I know there are methods of showing when $H\rtimes_{\Psi_{1}}K$$\cong$$H\rtimes_{\Psi_{2}} K$.

However, what about semidirect products in which the H's differ.

Is it ever the case where $|H_{1}|=|H_{2}|$, $H_{1} \ncong H_{2}$ but we have that $H_{1}\rtimes_{\Psi_{1}}K$$\cong$$H_{2}\rtimes_{\Psi_{2}} K$.

  • $\begingroup$ Wouldn't that contradict the assumption $|H_{1}|=|H_{2}|$ $\endgroup$ – Matthew Cheung Dec 1 '16 at 17:54
  • $\begingroup$ Sorry yes. A genuine example is the dihedral group of order $8$, in which your can take $H_1$ cyclic of order $4$ and $H_2$ a Klein $4$-group. $\endgroup$ – Derek Holt Dec 1 '16 at 18:14
  • $\begingroup$ Since the dihedral group is of order 8, I believe our K would be the group of order 2 which is $\mathbb{Z}2$ But I believe that if we semidirect product H1 which is $\mathbb{Z4}$ with K, we get the dihedral group, but if we semidirect product H2 which is the Klein four group with K, we get the quaternion group. $\endgroup$ – Matthew Cheung Dec 2 '16 at 7:02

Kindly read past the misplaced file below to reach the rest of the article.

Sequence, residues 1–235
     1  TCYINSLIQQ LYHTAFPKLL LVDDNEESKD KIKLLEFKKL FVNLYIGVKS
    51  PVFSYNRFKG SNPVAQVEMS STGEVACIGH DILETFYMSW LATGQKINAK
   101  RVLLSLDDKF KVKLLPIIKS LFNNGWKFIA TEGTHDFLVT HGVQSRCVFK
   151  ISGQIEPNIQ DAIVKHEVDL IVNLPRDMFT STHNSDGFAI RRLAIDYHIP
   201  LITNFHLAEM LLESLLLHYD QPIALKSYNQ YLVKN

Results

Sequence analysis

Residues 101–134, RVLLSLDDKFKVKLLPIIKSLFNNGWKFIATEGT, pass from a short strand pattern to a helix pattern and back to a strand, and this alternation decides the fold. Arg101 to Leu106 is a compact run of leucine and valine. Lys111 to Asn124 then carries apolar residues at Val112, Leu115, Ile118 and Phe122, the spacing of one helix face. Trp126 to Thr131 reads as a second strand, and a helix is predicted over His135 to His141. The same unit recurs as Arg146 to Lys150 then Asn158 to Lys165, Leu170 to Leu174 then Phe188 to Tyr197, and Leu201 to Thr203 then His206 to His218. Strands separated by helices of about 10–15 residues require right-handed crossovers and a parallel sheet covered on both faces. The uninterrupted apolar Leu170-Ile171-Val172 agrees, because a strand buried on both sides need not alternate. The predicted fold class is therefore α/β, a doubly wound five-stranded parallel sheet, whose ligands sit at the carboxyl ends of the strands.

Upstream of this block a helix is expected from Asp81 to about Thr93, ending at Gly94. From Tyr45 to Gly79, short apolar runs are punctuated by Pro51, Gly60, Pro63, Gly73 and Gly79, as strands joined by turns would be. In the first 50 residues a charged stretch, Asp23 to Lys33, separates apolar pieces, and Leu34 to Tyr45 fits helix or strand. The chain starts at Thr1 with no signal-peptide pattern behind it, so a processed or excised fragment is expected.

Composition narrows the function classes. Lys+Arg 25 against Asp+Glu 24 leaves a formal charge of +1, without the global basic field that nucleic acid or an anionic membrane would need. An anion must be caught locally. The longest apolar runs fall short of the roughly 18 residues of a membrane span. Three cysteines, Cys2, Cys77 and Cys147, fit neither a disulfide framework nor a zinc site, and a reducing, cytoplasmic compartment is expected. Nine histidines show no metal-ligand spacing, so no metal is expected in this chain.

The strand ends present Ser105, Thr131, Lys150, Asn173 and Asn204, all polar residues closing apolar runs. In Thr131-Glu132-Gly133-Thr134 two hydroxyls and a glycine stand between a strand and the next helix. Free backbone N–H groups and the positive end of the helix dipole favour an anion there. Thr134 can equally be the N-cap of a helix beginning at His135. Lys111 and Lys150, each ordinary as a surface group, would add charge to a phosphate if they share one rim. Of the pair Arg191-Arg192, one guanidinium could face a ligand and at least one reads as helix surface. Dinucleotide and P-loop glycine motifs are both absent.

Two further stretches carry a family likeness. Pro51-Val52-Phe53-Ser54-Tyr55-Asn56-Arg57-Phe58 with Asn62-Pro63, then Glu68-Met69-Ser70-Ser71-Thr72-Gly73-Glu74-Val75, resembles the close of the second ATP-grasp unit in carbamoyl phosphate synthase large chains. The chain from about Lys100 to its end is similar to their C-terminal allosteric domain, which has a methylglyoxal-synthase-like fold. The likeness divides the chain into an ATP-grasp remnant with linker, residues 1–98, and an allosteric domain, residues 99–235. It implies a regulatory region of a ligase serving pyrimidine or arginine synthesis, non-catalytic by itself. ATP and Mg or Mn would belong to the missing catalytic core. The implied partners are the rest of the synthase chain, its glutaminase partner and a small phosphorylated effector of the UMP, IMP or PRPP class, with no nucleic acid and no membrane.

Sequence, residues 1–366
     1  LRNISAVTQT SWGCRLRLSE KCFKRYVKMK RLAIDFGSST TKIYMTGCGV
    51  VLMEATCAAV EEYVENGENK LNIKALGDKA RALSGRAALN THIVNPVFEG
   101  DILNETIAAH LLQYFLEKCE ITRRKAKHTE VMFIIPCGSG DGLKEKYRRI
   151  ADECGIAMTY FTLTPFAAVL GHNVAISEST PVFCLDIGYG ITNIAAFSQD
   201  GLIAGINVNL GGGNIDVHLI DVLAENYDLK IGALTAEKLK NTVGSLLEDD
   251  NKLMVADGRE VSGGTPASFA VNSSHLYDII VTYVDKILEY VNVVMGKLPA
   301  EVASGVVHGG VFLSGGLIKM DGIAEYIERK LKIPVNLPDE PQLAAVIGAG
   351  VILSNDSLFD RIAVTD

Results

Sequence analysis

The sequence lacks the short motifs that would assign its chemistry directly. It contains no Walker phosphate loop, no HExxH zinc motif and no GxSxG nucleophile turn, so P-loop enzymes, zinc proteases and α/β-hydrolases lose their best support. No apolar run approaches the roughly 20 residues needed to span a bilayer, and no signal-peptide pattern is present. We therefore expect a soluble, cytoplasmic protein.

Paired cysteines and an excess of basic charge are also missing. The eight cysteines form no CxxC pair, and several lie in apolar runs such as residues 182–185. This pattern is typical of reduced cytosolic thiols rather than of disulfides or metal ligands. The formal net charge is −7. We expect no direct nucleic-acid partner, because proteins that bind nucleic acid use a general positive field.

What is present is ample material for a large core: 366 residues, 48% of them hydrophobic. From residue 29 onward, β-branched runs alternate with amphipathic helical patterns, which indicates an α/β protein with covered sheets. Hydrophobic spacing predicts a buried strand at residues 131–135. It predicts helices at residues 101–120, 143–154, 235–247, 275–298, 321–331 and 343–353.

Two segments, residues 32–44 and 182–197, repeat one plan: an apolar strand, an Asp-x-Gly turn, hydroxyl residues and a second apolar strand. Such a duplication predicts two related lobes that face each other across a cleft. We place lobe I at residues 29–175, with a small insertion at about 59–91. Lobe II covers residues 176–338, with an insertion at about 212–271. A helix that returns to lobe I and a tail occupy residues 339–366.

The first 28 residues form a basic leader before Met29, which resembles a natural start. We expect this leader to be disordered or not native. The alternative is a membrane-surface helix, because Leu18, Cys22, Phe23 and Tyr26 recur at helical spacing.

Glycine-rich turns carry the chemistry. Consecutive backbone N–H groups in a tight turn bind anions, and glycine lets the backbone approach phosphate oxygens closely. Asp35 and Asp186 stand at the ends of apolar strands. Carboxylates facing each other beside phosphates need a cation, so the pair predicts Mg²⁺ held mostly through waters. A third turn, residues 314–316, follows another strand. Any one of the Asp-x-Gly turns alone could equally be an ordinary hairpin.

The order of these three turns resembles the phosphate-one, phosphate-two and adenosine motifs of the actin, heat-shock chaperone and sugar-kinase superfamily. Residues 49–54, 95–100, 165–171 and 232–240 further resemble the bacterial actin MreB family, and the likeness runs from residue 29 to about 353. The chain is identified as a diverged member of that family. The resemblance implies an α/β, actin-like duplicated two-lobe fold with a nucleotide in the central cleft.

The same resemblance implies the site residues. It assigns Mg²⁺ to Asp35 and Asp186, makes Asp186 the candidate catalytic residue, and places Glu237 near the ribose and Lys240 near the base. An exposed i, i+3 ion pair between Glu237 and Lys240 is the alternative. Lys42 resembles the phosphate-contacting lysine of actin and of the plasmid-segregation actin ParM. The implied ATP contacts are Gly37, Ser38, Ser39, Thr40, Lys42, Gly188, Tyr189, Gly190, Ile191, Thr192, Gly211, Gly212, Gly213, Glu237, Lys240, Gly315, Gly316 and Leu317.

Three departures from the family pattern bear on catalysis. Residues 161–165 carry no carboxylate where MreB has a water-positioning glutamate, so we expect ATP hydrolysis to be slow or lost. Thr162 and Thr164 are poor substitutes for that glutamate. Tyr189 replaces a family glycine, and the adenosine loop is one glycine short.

• $\begingroup$ The quaternion group of order $8$ has a unique element of order $2$, and it does not have $K$ as a subgroup. I have given more details of the example in my answer below. $\endgroup$ – Derek Holt Dec 2 '16 at 10:28

An example is the dihedral group of order $8$. Its elements are the rotations $1,a,a^2,a^3$, and the reflections $b,ab,a^2b,a^3b$.

We can take $H_1=\{1,a,a^2,a^3\}$, $H_2=\{1,a^2,ab,a^3b\}$, with $K=\{1,b\}$. Then $H_1$ is cyclic and $H_2$ is a Klein $4$-group.


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